March 17, 2010

The World Electric – Part II

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IStock_000000387396XSmall As I discussed in part one of this series, electrical power and lighting was débuted at the 1893 World’s Columbian Exposition by Westinghouse and Nicola Tesla.  Now, a little over 100 years later we carry in our pockets technology so advanced that the Victorian era population would not even recognize it as such -  in fact, it may have been considered magic or supernatural.

But what is the next stop beyond the current generation of digital and analog semiconductor devices? I recently had a chance to talk with National Semiconductor’s Chief Technology Officer and Director of NS Labs, Dr. Ahmad Bahai.  I asked him what he thought of today’s high performance processes and the never ending progress to smaller geometries.  He said, “Analog scaling doesn’t buy you any performance advantage” – primarily due to the way the transistors are used.  Analog functions still require isolation and moving things closer only complicates the issue.

Digital processes use transistors as switches avoiding the “in-between” or linear regions of the devices.  Analog semiconductors actually take advantage of the linear region to provide amplification and accurate control of voltage and current.  In mixed signal semiconductors such as Analog to Digital Converters (ADCs), there is a percentage of digital logic, but it is usually such as a small percentage of the function that shrinking it doesn’t provide great benefit.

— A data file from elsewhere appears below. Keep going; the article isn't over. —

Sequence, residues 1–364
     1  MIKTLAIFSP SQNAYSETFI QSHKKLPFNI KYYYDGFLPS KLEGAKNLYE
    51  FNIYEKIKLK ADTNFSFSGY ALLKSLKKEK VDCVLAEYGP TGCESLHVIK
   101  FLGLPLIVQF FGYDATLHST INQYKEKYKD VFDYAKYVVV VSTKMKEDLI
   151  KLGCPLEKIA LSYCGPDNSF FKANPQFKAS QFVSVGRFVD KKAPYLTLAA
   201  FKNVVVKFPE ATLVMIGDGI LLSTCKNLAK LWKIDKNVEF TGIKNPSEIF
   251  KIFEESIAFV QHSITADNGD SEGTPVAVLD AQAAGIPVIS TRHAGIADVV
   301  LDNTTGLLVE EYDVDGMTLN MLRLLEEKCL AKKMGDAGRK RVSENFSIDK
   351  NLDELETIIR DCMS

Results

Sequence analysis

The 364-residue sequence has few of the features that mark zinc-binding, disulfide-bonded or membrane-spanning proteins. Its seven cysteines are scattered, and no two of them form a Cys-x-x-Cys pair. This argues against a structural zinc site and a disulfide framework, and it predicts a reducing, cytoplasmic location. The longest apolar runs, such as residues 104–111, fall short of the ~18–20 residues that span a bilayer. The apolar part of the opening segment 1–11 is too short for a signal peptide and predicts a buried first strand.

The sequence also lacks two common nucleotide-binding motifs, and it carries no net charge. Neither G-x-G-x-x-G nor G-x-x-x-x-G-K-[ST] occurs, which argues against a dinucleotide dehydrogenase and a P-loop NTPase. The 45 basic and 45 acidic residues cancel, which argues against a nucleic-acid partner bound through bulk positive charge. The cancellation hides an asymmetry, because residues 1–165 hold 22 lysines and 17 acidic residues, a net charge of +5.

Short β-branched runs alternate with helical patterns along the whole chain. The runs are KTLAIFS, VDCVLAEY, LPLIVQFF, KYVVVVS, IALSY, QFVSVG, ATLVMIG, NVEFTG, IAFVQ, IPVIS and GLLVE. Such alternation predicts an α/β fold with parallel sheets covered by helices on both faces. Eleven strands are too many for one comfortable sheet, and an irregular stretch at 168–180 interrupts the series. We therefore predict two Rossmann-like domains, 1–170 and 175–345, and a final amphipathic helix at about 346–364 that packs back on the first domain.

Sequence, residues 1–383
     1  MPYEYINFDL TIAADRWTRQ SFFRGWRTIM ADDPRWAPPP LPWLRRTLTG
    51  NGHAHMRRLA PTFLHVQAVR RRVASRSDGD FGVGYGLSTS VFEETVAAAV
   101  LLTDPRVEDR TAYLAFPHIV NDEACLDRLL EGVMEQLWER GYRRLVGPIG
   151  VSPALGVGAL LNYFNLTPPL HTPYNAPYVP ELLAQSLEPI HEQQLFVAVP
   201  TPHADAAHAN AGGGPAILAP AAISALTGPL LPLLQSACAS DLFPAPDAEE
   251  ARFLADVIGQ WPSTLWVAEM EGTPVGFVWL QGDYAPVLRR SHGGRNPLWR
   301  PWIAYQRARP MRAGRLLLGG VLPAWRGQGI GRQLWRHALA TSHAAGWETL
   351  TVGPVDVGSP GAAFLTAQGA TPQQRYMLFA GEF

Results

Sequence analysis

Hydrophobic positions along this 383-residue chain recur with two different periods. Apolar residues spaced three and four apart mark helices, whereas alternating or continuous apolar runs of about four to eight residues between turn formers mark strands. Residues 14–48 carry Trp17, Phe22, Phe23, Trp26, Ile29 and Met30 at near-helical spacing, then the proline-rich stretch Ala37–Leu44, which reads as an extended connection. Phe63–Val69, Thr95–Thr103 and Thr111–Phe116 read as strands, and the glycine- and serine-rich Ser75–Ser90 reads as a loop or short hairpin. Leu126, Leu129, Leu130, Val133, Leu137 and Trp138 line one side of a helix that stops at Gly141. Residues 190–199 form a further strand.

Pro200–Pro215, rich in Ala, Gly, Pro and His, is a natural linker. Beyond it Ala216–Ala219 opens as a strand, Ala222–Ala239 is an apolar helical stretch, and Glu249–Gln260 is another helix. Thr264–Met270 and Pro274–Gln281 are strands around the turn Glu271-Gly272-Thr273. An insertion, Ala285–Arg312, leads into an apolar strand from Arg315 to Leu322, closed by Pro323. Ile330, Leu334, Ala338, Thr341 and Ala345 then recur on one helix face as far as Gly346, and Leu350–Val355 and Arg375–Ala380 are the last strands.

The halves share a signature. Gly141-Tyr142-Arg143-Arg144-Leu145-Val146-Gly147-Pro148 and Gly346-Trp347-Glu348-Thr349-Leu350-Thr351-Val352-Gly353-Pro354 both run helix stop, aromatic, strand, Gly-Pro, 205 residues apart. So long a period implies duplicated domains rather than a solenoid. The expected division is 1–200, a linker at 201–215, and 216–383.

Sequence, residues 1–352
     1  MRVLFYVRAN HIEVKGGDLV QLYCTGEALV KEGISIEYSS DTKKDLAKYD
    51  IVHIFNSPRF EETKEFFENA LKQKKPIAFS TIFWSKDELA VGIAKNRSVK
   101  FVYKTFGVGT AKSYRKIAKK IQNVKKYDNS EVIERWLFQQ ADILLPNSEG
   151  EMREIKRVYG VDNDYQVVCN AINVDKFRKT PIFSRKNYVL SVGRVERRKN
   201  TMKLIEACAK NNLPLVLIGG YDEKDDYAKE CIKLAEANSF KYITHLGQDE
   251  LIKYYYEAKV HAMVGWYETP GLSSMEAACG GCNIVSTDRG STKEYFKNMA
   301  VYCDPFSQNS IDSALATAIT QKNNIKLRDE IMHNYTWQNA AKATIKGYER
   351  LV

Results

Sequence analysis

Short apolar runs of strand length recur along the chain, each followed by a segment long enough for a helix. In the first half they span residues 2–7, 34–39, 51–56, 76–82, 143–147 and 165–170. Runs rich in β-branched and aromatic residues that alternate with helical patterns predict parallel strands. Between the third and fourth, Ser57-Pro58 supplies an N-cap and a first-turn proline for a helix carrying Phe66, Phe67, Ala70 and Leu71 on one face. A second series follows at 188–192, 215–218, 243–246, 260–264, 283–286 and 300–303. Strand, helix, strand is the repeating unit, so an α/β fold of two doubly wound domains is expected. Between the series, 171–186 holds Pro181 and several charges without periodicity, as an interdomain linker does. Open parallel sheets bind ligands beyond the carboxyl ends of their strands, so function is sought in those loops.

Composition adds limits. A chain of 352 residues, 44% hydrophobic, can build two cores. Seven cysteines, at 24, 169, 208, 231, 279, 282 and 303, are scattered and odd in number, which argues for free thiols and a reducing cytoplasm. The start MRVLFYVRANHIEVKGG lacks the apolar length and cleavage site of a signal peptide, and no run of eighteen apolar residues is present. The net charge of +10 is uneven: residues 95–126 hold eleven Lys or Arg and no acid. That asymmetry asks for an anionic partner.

I also asked him what he thought about digital process nodes below 22nm.  He made an interesting comment, “below 22nm is it (the semiconductor) electrical or mechanical?” This raises an interesting question… at these tiny geometries is it easier to build switches from mechanical functions? With so much research going on with carbon nano-tubes, it may remain in the realm of electrical for the near term. This along with the ability to stack circuits may continue to raise the transistor count to give Moore’s law another 10+ years.

For now the move in analog semiconductors will be to enhanced processes such as Silicon Nitride (SiN), Silicon Carbide (SiC), Gallium Nitride (GaN) and other familiar materials to increase the power handling capability – a property very important to energy management and technologies such as the Smart Grid. Beyond that, you’ll have to wait until part III… till next time…

February 24, 2010

The World Electric – Part I

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TWE At the 1893 World’s Columbian Exposition (aka: Chicago World’s Fair) Westinghouse and Nikola Tesla introduced the world to alternating current as well as the Westinghouse brand light bulb of which 100,000 were used to light the event. There was a great optimism with regards to technology and the future during that period and a little over 110 years later I believe that enthusiasm still survives.  The idea of an electric world where everything would be powered by this magical force won over many of the visitors to the fair and set in motion a technological revolution.